“We will continue to monitor this situation as it unfolds to determine if and when we will (impose the mitigation efforts in Montgomery, Bucks, Chester and Delaware counties) in other counties in Pennsylvania,” Wolf said Saturday. “Individuals, businesses and communities across Pennsylvania are already stepping up to the challenge. If we succeed in slowing the spread of COVID-19, it will be because we all do our part.”
In the Saucon Valley area many nursing homes, businesses, organizations and government agencies are responding and doing their part to help stop the coronavirus’s spread by encouraging social distancing, with some stores limiting hours, restaurants adding/encouraging customers to purchase food for delivery or curbside pickup and buildings like Hellertown Borough Hall closing to the public until further notice.
The Promenade Shops at Saucon Valley remained open as of Sunday, although some stores there are reducing their hours and the AMC movie theater has implemented new maximum seating requirements to help reduce the number of people in its auditoriums.
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The Promenade Shops has also temporarily postponed all upcoming events.
Meanwhile, fear over the spread of COVID-19 has prompted continued “panic buying” in many area supermarkets, where stock of items such as toilet paper and hand sanitizer remains low. Although some stores have sought to limit quantities of certain items–and even reduced their hours to give employees an opportunity to restock shelves overnight–shoppers have reported sporadic difficulty finding everything from bread to kitty litter.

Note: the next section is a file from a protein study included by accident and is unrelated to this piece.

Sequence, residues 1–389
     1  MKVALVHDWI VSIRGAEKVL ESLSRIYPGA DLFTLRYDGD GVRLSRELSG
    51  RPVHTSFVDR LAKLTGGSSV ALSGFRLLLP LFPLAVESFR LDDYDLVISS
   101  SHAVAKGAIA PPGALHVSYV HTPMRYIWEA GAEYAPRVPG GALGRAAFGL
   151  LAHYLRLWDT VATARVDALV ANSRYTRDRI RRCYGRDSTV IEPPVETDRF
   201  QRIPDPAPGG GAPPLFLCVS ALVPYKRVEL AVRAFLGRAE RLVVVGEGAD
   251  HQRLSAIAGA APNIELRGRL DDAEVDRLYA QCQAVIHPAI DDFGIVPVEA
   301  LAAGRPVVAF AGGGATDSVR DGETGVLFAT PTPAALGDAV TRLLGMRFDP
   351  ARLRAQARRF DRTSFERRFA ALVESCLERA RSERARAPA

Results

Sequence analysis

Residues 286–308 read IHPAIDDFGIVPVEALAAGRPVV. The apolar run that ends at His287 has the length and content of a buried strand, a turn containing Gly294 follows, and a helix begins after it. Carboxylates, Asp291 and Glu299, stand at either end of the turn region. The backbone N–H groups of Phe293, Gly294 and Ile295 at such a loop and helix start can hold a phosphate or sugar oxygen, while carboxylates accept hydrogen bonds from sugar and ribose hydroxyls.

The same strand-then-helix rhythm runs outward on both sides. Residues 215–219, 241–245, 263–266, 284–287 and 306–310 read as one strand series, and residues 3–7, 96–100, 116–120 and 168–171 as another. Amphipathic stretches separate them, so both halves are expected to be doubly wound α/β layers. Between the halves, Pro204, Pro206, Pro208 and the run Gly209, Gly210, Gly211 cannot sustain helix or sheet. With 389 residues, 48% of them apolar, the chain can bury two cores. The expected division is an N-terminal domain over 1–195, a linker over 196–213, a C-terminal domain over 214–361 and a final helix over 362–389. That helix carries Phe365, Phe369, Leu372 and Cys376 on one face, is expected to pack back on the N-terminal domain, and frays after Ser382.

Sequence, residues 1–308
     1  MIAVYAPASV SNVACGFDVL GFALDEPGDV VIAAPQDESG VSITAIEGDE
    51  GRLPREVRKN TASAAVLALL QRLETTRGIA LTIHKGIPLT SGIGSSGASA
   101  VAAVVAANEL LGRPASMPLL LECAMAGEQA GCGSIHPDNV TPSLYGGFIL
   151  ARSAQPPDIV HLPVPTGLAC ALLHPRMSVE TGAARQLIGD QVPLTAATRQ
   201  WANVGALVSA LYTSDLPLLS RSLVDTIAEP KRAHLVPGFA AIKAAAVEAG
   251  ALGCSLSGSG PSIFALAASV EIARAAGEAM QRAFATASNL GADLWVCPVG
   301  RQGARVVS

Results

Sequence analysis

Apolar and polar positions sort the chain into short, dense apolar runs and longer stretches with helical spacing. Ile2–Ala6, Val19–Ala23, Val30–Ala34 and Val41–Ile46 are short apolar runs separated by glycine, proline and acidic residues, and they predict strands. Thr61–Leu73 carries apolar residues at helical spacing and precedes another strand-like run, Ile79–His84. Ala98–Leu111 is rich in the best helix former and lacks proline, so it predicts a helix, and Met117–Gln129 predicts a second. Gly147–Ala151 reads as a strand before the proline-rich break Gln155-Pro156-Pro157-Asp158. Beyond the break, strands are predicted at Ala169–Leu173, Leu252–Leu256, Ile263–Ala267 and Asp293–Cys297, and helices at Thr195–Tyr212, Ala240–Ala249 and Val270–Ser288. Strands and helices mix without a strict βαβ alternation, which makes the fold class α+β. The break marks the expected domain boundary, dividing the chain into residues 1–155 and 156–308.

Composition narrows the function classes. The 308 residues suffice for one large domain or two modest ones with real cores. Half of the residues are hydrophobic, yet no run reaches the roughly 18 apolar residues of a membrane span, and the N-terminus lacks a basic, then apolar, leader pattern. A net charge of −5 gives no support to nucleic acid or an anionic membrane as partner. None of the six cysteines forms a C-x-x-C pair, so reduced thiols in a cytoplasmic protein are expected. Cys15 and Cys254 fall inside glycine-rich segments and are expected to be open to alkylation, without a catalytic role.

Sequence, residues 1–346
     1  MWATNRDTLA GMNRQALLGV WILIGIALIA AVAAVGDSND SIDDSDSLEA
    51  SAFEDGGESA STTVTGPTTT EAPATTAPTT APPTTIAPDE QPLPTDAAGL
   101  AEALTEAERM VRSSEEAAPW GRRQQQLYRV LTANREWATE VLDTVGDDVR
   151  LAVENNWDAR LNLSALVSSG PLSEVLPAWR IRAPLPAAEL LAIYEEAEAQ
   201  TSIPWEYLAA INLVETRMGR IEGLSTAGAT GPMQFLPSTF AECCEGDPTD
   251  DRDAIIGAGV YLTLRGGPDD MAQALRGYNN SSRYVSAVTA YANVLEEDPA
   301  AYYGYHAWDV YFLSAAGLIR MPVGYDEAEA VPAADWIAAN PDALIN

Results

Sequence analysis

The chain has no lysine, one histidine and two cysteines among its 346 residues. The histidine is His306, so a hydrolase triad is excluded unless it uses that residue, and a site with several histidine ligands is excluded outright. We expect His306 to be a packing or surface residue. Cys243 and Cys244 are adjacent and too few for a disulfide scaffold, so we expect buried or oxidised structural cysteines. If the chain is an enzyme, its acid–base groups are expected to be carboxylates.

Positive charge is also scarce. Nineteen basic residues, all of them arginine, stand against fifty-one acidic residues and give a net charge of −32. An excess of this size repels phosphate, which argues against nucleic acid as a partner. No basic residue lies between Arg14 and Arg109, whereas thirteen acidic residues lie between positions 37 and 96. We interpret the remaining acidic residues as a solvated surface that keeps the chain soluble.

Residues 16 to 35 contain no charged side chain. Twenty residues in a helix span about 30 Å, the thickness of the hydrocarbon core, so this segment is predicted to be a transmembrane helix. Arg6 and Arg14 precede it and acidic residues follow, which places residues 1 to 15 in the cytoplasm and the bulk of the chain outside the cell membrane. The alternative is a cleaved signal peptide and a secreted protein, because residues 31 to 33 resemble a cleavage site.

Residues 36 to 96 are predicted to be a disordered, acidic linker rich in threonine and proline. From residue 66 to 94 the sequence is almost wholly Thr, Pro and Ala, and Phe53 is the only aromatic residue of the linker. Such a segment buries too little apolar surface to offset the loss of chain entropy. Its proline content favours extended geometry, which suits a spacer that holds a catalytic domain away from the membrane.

At the PA wine & spirits shop in the Creekside Marketplace shopping center in Lower Saucon Township Saturday evening it was essentially business as usual, although several customers commented that the frenzied buying and lines were reminiscent of what might more typically be seen in the store preceding a snowstorm.
The following information about coronavirus is from the Pennsylvania Department of Health. For more information as well as news and updates follow the PA DoH on Twitter. Health and safety officials continue to recommend regular handwashing with soap and hot water for at least 20 seconds as the best means of helping to stop the virus’s spread.
What are the symptoms of coronavirus?
Symptoms of COVID-19 can include:
- Shortness of breath
The symptoms may appear in as few as two days or as long as 14 days after exposure. Reported illnesses have ranged from people with little to no symptoms to people being severely ill and dying.
How can the coronavirus spread?
Human coronaviruses spread just like the flu or a cold:
- Through the air by coughing or sneezing
- Close personal contact, such as touching or shaking hands
- Touching an object or surface with the virus on it
- Occasionally, fecal contamination
How can I help protect myself?
- Cover coughs or sneezes with your elbow. Do not use your hands!
- Wash hands often with soap and water for at least 20 seconds. Use an alcohol-based hand sanitizer if soap and water are not available.
- Clean surfaces frequently, including countertops, light switches, cell phones, remotes and other frequently touched items.
- If you are sick, stay home until you are feeling better.
In addition, it’s recommended that Pennsylvanians review the PA Emergency Preparedness Guide.